See, there is the problem raised by the song (you’re not going to know unless you check it out!). But there is also the challenge that all baptized Christians should be trained in evangelism. To require it for ordained people implies that it isn’t a bedrock which we can expect. To be sure, all Christians — ordained and lay — should be engaged in a lifelong journey of learning to practice evangelism. I just don’t see the need to add yet another canonical requirement, especially one that is in the wrong place. Despite the good intentions, this one won’t get my vote.
A073: Establish Diocesan Mission Enterprise Zones. Likely vote: NO.
This one is a non-starter, as it requires $1,000,000 to fund. In the current budget climate, that’s not going to happen. While the concept of grants to fund mission is excellent, there are plenty of details here that concern me. We do need to practice entrepreneurial mission programs, but that can happen without an expensive churchwide budget line. The individual grants are capped at $20,000. Surely every diocese could raise that much money if they were committed to mission innovation. And if they aren’t, a grant won’t help them much. Intriguing idea, but I can’t vote for this.
A074: Identify and Deploy Lay Evangelists. Likely vote: YES.
Not many people are aware of this, but our canons provide for the licensure of evangelists, just like we license Eucharistic ministers. This resolution sets some specific goals and challenges dioceses to train and equip evangelists. Great! There’s no harm, and it uses the existing mechanisms of our church to get us to do some new work.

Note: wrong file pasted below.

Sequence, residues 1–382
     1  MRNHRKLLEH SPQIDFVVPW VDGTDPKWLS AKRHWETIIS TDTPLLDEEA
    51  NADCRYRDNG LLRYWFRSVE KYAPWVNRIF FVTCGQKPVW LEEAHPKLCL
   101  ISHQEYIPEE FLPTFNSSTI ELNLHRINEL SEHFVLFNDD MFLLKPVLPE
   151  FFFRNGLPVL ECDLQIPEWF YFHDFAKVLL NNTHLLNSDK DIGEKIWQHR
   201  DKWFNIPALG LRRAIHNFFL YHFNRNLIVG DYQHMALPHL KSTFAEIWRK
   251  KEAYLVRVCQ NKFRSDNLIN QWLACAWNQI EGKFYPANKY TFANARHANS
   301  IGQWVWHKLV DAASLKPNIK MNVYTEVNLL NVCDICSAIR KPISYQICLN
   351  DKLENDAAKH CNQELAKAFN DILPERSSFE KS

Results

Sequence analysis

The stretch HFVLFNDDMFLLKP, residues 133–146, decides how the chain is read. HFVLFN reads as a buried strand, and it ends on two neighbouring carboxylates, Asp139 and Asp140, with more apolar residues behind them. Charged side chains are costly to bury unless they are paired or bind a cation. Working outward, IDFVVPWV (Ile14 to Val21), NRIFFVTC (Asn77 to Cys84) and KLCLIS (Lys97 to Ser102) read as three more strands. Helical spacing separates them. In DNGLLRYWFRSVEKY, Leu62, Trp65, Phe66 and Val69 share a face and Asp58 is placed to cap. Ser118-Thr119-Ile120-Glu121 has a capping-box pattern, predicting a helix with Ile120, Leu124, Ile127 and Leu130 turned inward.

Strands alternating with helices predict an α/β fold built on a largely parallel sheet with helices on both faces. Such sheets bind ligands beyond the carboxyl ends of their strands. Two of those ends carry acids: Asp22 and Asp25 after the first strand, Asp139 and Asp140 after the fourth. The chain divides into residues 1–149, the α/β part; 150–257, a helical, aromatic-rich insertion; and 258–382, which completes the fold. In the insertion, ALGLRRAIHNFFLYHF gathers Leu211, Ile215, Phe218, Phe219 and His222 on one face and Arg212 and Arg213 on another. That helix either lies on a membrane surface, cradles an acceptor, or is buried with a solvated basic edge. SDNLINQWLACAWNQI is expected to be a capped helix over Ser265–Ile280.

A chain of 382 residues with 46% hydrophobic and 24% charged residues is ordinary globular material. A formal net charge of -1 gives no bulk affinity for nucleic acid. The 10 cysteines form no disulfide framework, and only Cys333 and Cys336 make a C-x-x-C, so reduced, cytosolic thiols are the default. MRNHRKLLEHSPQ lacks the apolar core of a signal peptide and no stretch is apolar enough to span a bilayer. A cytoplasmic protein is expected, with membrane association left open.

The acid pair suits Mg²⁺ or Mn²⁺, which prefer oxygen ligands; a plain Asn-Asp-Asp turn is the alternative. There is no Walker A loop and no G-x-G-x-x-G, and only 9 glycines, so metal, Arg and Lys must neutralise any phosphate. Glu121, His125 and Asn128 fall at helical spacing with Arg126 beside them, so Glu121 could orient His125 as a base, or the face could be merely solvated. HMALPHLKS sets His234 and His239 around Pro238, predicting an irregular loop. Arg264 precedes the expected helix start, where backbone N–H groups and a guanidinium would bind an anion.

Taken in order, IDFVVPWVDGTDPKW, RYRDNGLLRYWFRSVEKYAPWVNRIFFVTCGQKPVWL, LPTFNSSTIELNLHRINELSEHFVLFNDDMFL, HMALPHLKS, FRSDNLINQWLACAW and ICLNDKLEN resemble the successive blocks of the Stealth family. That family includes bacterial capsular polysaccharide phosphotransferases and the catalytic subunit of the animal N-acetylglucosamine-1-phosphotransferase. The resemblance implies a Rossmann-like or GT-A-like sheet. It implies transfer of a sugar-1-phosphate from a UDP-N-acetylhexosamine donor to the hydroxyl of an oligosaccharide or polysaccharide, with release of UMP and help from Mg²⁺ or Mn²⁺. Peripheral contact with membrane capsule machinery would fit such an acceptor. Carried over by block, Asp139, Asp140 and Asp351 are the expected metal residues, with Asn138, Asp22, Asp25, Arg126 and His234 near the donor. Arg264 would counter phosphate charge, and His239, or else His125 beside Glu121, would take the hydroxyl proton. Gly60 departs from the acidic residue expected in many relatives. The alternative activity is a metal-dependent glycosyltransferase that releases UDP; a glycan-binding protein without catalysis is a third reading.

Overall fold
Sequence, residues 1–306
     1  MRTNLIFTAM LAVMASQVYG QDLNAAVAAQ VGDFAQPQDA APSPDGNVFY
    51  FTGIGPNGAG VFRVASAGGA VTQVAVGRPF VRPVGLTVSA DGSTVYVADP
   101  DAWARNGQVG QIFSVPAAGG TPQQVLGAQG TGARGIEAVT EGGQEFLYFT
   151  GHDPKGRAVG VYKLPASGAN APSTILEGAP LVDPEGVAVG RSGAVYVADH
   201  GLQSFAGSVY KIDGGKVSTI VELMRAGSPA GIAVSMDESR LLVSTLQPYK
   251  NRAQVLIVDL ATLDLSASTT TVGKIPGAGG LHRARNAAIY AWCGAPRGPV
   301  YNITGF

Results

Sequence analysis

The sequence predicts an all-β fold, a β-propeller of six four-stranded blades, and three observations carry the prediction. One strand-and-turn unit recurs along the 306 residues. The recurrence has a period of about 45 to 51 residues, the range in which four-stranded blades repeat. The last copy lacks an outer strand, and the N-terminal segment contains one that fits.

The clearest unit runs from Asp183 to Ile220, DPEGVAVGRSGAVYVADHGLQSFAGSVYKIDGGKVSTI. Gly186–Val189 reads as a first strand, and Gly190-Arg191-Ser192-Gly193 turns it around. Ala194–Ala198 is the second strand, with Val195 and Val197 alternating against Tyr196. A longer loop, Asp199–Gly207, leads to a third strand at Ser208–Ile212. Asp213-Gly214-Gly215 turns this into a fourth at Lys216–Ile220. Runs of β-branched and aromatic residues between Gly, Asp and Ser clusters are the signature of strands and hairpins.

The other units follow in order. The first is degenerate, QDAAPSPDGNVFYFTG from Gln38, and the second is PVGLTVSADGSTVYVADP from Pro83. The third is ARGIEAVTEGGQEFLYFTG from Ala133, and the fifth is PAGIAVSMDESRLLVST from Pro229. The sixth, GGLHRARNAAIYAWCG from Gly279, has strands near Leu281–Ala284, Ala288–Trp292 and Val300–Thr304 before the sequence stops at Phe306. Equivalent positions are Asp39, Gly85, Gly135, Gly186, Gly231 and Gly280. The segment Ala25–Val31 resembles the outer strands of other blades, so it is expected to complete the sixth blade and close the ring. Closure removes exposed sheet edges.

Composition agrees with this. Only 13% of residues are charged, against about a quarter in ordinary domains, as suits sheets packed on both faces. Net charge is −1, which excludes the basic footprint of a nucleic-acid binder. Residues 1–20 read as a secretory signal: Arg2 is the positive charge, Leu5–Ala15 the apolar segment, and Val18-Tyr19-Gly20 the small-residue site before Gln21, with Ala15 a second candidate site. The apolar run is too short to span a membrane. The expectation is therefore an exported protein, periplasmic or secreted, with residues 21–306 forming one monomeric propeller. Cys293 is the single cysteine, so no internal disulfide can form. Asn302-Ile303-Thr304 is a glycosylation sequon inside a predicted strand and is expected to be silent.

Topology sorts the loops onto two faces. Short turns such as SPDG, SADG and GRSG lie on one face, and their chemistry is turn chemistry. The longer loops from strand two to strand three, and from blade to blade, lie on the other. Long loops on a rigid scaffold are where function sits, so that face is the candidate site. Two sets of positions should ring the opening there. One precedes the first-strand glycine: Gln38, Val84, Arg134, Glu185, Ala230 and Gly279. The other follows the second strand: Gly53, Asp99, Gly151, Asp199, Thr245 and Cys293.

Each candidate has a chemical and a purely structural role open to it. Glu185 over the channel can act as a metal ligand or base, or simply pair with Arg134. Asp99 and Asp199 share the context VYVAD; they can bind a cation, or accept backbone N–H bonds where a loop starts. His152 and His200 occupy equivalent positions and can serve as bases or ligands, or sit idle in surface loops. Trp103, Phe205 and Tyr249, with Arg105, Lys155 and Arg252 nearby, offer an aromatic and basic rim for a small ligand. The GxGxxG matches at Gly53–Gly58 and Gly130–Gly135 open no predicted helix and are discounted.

Please edit this resolution to refer to “Evangelists” and not “lay Evangelists.” That’s the language of the canon, and I think we should use what’s there.
A075: Restructure General Convention and Church Governance. Likely vote: YES.
This resolution is substantially the same as the resolution on structural reform that has been submitted by loads of dioceses, a couple of provinces, and others. This is a great idea: it establishes a task force to look at our structures and governance, and requests that this task force come back to the next General Convention with some recommendations to act on. What’s not to like? I’ll write more about this resolution — and how to maximize its impact — in a future blog post.
One very important caveat: when this task force is convened, we need to make sure it doesn’t have any of the usual suspects. The same people will bring us the same ideas. That’s not what we need. And if at any point you voted in favor of the disaster of a budget that came out of various committees and Executive Council, you especially should not be on this group. Not that anyone will pay attention to the ranting of a simple blogger.
UPDATE: As Jim Naughton points out the comments below, it would not be wise to exclude all the “usual suspects.” That was me getting carried away, as I often do here on 7WD. What I should have said is that we want the commission to be made of largely of people who are approaching these challenges with fresh insights, not dominated by the usual suspects. We need people who have not been in the trenches going at each other for the last triennium and more. The usual people will bring the usual ideas, and that’s not what we need. So let’s bring in some new folks, and season their thinking with the wisdom of experienced folks.